Internet domain registrants usually are given a five-day grace period between the time a web domain is registered and the time that payment for owning the domain is due. It was a noble idea designed to enable registrants to fix mistakes – such as when accidentally misspelling a new domain name. This five-day window of opportunity, however, led to the rise of “domain tasting” whereby computer users sample large numbers of domain names, placing Google (News
) AdSense for Domains or Yahoo’s Domain Match advertisements the otherwise empty website, and testing to see how much ad revenue each name generates. When people surfing the web click on such ads, both Google and the domain site owner get a percentage of the revenue. In a way, Google gets ‘paid’ by domain name tasters in that the ad clicks generated by the tasting domains occur because a user has ‘tasted’ that domain: When someone clicks on an ad, Google gets its money and passes along a cut to whoever own the website hosting the ad.
The users keep the profitable site names and simply cancel permanent registration of the unprofitable domains before the grace period expires. It’s a big reminiscent of how some people take advantage of some retailers generous return policies (such as L.L. Bean’s) by buying expensive apparel with a credit card, then getting the retailer to fully refund the purchase price, plus any duties and tax charges, directly back to them.
In January 2007, VeriSign observed that among the top 10 domain registrars, domain tasting was responsible for 95 percent of all deleted .com and .net domain names. Name Intelligence Inc. also reported that, in December 2006, 1.2 million domain names were undergoing ‘tasting’ each day, a huge increase from the 7,200 domains tasted a mere two years earlier.
In June 2007, the organization that oversees the Domain Name System (DNS
) called the Internet Corporation for Assigned Numbers and Names (ICANN), issued a report describing the effects of domain tasting on the Internet, all of which are bad: DNS destabilization, consumer confusion, increased costs to lawful registrants, trademark abuse and criminal activity (e.g. connections to spam and malware).
“Domain kiting” is the most avaricious extrapolation of this practice, with registrants canceling their domain name just before the grace period expires, which is followed by their immediately re-registering it. By repeating this process ad infinitum, payment for the domain is postponed indefinitely and yet the registrant at the same time is making money with the domain.
Advertisers are not actually harmed by domain tasting and kiting, since traffic reaches their site regardless. The parties truly harmed by this practice are owners of legitimate, content-laden websites that make a living from Google AdSense ads (and their ilk), and of course whoever should be keeping the domain registration fee (ISPs and ICANN).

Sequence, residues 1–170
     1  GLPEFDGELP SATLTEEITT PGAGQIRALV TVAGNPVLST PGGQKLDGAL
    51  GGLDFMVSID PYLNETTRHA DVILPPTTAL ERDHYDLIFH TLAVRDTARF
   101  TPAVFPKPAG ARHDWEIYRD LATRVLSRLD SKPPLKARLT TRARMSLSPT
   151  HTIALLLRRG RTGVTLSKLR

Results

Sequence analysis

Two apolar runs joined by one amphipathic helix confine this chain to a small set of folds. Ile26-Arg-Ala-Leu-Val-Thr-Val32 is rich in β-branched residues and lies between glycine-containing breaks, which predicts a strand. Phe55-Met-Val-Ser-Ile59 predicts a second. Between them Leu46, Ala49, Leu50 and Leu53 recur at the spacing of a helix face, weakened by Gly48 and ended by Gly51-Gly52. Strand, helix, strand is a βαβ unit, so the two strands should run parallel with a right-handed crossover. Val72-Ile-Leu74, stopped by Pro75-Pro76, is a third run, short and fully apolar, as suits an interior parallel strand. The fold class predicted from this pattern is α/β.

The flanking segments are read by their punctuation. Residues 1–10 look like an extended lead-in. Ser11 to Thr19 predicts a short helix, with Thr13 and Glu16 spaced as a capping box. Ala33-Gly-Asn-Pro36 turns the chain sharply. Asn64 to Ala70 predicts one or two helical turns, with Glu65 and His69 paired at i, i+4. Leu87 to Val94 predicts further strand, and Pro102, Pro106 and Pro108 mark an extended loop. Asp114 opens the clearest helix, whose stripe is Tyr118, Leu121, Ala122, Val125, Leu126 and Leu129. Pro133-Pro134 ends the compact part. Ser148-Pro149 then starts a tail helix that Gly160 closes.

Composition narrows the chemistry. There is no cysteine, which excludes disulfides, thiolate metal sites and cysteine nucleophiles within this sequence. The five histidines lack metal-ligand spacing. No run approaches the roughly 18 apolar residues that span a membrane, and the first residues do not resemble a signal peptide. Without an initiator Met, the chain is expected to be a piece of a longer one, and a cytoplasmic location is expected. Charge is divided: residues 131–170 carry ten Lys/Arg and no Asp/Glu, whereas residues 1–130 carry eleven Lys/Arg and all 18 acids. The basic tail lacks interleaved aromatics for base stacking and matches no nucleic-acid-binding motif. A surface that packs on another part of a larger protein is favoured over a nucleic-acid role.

Yahoo has sued several domain name registration companies regarding tasting and kiting, as has Dell (News
) Inc. and BMW.
Moreover, phishing attacks involve buying domains with stolen credit cards and taking advantage of them before a hapless victim realizes what’s going on and tries to reverse the credit card transaction. Blacklist prevention systems such as McAfee (News
) SiteAdvisor and PhishTank are generally not able to keep up with such rapid domain changes.
Google has now heroically stepped forward and is introducing (as of February 11, 2008) a new ‘secret sauce’ technology to both detect and prevent unscrupulous profiteers from domain kiting using Google AdSense ads. By preventing registrants from making money from websites unless there are at least five days old, Google will cause one of the biggest upheavals in the history of the web. Google recognizes that they’ll probably lose millions in advertising revenue, but it’s refreshing to see a gargantuan company thinking about all of those little legitimate, hard-working website owners out there.
Heaven knows that the World Wide Web has resembled the Wild West in terms of business ethics. Scams, get-rich-quick schemes, sites that install malware on unsuspecting PCs, domain and trademark piracy, abound in cyberspace.
Google’s motto is “Do no evil” and, indeed, domain tasters are evil in that they’re making money on web traffic they don’t really deserve, off of sites that they haven’t paid for and don’t really own. Since Google is an unwitting partner in this, it was high time that they did something about it, and so they did.
So, a tip of the hat to Google, one of the few Good Guys of the Internet.
Richard Grigonis is an internationally-known technology editor and writer. Prior to joining TMC as Executive Editor of its IP Communications Group, he was the Editor-in-Chief of VON Magazine (News - Alert) from its founding in 2003 to August 2006. He also served as the Chief Technical Editor of CMP Media’s Computer Telephony magazine, later called Communications Convergence (News - Alert) (News — Alert), from its first year of operation in 1994 until 2003. In addition, he has written five books on computers and telecom (including the Computer Telephony Encyclopedia and Dictionary of IP Communications). To see more of his articles, please visit his columnist page.